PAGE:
# Minimum number of observations for logistic regression?

I'm running a binary logistic regressions with 3 numerical variables. I'm suppressing the intercept in my models as the probability should be zero if all input variables are zero.

What's minimal number of observations I should use?

• You would need an intercept of $-\infty$ to do that! An intercept of 0 corresponds to a probability of $\frac{1}{1 + \exp(-0)} = 1/2$, not $0$, when all independent variables are zero. – whuber Jun 8 '11 at 18:57
• There is a related discussion here: sample-size-for-logistic-regression. – gung - Reinstate Monica Dec 13 '12 at 14:18

## 4 Answers

There is one way to get at a solid starting point. Suppose there were no covariates, so that the only parameter in the model were the intercept. What is the sample size required to allow the estimate of the intercept to be precise enough so that the predicted probability is within 0.1 of the true probability with 95% confidence, when the true intercept is in the neighborhood of zero? The answer is n=96. What if there were one covariate, and it was binary with a prevalence of 0.5? One would need 96 subjects with x=0 and 96 with x=1 to have an upper bound on the margin of error for estimating Prob[Y=1 | X=x] not exceed 0.1. The general formula for the sample size required to achieve a margin of error of $\delta$ in estimating a true probability of $p$ at the 0.95 confidence level is $n = (\frac{1.96}{\delta})^{2} \times p(1-p)$. Set $p = 0.5$ for the worst case.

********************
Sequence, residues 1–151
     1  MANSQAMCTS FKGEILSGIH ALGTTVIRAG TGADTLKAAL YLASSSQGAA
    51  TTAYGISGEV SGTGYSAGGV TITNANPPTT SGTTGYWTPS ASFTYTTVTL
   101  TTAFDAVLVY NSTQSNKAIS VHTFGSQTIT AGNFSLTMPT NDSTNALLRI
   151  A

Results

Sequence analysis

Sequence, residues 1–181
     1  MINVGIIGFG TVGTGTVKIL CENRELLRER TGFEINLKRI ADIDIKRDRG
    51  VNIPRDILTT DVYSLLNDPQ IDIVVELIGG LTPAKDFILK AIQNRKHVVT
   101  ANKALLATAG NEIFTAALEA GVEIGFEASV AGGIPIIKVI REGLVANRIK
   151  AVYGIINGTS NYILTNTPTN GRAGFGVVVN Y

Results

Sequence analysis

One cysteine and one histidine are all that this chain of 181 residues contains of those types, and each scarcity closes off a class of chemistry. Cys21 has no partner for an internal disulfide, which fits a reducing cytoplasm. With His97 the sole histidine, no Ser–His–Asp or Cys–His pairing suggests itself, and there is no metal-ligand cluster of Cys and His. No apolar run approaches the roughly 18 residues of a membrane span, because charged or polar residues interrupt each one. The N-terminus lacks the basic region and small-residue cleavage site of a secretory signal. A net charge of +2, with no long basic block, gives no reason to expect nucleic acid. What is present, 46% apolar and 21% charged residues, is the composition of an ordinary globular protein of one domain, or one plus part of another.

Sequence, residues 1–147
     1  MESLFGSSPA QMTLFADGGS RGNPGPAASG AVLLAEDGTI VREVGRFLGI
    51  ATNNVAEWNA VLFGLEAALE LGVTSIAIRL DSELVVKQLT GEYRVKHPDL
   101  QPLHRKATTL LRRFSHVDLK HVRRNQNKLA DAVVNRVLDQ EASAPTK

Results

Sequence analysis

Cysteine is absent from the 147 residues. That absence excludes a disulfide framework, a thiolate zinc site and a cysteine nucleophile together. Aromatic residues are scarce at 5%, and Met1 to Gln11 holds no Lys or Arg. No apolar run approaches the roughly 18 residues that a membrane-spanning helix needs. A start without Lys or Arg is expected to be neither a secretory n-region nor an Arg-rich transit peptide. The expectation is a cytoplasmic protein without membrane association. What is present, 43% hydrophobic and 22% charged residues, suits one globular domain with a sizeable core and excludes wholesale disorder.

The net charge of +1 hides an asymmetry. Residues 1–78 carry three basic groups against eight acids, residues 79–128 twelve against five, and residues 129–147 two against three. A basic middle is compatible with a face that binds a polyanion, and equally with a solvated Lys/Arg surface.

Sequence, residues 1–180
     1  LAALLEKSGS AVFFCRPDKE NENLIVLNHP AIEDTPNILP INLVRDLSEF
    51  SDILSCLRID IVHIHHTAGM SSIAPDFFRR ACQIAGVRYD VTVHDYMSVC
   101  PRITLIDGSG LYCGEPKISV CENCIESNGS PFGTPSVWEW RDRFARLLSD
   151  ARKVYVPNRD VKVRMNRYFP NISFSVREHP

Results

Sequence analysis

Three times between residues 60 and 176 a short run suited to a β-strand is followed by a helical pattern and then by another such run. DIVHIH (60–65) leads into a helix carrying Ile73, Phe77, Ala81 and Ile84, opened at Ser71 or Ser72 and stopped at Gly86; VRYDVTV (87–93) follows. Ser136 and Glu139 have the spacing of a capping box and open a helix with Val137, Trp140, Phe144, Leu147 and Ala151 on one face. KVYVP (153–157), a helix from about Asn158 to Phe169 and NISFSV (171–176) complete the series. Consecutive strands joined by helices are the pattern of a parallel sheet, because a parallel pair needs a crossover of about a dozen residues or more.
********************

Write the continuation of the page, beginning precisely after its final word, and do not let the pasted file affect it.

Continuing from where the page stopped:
• I appreciate your help in this forum. I have ~90000 events and ~2000000 non-events. I need to a logistic model with 65 predictors. Now how and how many sample can I take. in fact my question is related to stats.stackexchange.com/questions/268201/… – SIslam Mar 22 '17 at 13:12
• No problem with fitting 65 simultaneously with your effective sample size. – Frank Harrell Mar 22 '17 at 14:00
• but I was suggested that too many samples can cause problem since I was getting psudo r squared as low. – SIslam Mar 22 '17 at 14:31